The Simpsons Game (DS)
Reviewed by Didi Cardoso
Review Date Platform Genre Rating Production
2007-12-03 Nintendo DS Platform T (Teen) EA

I've been watching the Simpsons for years, and although I don't consider myself a huge fan, I know my fair share of trivia (heck, I even own the trivia board game!) and my husband and I tend to say random quotes to each other on weird occasions.

When I received The Simpsons Game for the DS, I was actually pretty excited, especially considering that I was expecting EA Playground.

The game follows a silly plot: Bart finds the manual for The Simpsons Game, and the whole family finds out that each has a superpower. It doesn't follow the formula of actual episode of the show, but it sure has all the humor and the characters act in the exact same way as fans have grown accustomed to. Comic Book Guy, Duff Man, Ralph, Otto and many more Springfield inhabitants make their appearance, and all have speech lines that will make you grin.

The adventures take place all over town, where you can find familiar landmarks such as the Duff Brewery, Moe?s Tavern, the statue of Jebediah Springfield, the Kwik-e-Mart, the Museum, and obviously 742 Evergreen Terrace, which is where you get a mini-game with Homer.

Pet Homer is basically Tamagotchi, nothing fancy, just a bit of fun. Playing through the levels will unlock more items to use on Homer, such as donuts, pizza, hot dogs, veggies, a razor and shaving cream or a defibrillator. Yes, because after eating so many fatty foods, Homer has heart attacks and you have to revive him. You can also tickle him in different parts of the body (the feet seem to be his favorite) and hear him giggle like a schoolgirl as his mood improves.

In traditional side-scrolling fashion, The Simpsons Game makes good use of the dual screens, expanding the levels vertically. The level design is pretty straightforward, and any puzzles you must solve usually involve the use of two characters alternatively, since every member of the family has a particular ability.

Homer can eat to the point of being able to transform into a huge ball of fat to roll and charge at things, but he can also turn into a human balloon and float. Bart turns into Bartman, armed with a slingshot and able to float larger distances by using his cape. Lisa has a special ability called Hand of Buddah that allows her to move objects with the power of her mind, but can also use music to her advantage. Marge is probably the most curious. She uses persuasion to get other Springfield residents to obey her, so she basically recruits an army of people to follow, like in an RTS.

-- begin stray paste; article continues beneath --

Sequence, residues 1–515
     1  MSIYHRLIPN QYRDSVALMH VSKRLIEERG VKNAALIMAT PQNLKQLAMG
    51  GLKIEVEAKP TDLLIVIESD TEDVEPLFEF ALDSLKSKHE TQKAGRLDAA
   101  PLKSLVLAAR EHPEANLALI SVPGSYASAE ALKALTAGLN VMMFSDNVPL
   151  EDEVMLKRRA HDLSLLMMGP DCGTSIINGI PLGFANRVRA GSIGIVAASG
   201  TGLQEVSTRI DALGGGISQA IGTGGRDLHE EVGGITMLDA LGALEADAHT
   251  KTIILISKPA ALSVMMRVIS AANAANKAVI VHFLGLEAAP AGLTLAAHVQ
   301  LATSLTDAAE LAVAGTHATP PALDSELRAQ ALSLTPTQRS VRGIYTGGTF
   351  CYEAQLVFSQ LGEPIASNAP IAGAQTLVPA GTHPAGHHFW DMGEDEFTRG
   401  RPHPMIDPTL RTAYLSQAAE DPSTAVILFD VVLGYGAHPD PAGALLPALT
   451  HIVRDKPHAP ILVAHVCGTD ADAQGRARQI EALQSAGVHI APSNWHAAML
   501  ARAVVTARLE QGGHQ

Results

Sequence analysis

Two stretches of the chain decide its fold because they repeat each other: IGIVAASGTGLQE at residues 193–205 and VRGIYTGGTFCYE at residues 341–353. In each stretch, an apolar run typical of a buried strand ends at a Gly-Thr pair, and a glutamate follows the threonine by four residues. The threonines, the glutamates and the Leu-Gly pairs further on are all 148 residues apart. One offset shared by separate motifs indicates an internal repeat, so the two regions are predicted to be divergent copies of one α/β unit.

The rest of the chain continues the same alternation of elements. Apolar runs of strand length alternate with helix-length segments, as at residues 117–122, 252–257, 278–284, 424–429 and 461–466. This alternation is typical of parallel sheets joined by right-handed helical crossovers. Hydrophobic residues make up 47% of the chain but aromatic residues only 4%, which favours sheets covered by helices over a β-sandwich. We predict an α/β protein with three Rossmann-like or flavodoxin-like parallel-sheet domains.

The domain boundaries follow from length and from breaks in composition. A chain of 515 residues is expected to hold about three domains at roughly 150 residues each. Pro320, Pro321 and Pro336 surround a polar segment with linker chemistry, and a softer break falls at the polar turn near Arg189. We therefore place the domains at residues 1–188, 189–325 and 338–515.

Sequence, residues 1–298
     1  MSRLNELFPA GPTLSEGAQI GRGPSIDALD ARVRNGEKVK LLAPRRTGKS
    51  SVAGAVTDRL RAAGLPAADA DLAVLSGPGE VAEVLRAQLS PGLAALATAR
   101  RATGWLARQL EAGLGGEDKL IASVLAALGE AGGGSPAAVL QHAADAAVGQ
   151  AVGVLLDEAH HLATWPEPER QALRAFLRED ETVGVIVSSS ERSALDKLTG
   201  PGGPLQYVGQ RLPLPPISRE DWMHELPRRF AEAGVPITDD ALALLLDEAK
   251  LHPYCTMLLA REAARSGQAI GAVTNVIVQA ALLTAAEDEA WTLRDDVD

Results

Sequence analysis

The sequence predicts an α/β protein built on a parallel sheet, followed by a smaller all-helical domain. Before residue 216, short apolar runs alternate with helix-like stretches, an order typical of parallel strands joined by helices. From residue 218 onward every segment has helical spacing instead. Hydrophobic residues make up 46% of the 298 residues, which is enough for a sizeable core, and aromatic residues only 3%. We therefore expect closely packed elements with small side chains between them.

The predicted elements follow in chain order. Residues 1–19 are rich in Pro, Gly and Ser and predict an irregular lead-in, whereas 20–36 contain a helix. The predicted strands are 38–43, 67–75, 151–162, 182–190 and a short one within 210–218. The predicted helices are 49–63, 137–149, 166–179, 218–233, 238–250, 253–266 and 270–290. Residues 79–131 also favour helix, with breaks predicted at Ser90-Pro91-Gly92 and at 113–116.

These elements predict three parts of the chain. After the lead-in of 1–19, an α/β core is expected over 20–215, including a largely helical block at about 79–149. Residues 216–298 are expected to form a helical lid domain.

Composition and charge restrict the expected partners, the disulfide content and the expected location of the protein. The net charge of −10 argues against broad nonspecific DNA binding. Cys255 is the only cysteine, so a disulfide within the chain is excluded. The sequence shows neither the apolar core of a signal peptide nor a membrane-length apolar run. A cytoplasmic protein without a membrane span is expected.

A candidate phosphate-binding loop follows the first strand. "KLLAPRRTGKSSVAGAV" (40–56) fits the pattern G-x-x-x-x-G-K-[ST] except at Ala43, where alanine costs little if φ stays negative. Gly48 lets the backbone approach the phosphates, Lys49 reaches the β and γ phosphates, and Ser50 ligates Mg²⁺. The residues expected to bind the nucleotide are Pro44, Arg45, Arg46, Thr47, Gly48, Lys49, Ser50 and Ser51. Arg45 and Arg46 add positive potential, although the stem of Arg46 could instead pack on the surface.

There are a few enemies in the stages as well, so you have to fight your way through with simple button-mashing (every character has a few kicks and punches they can use). Don't be surprised if you have to kick Chief Wiggum, hit that German exchange student (I always forget his name) with a boomerang or knock down Barney Gumble with a few punches. They respawn constantly though, so sometimes when you fall off from a high platform, it gets frustrating having to fight them all again. At least if your health bar depletes, you have infinite continues anyway.

Basically, the game is used to make fun of videogames, and every time you find a particular video game clich??, Comic Book Guy is sure to remind you with his remarks, be it a spike trap, falling off a precipice, double jumping or using a jump pad. Other games are also made fun of, for example space Invaders, Frogger and Gauntlet (Homer needs food badly!).

Timeless moments from the show are revived, such as Homer's chocolate world dream, a trip to Duff Gardens and Lisa trying to save a forest, which I really appreciated.

As simple, entertaining and funny as the game is, I found that level progression sometimes could have used a hint or two, since at times I found myself not knowing exactly what to do with which character? I'm ashamed to say how long it took for me to get out of the USA stage in the Duff Brewery, just because I didn't understand what to do with Homer.

But you really have to give credit to the artists, the actors and the writers. The places, characters and situations fit into the game like a glove. The cel-shaded drawings look just like the art of any episode. Every line of voice acting is done by the actual performers from the show, and the humor is the exact same, with part of it being specifically directed at gamers. The soundtrack is not as memorable, but it sounds as if it were pulled from any episode.

"Worst? game? ever"? Not a chance, Comic Book Guy! Although short, The Simpsons Game turns out to be a surprisingly good game for the DS, and offers plenty of platforming fun for everyone, plus a bunch of good laughs along the way.


Special thanks to David Chandler and EA for providing a copy of this title.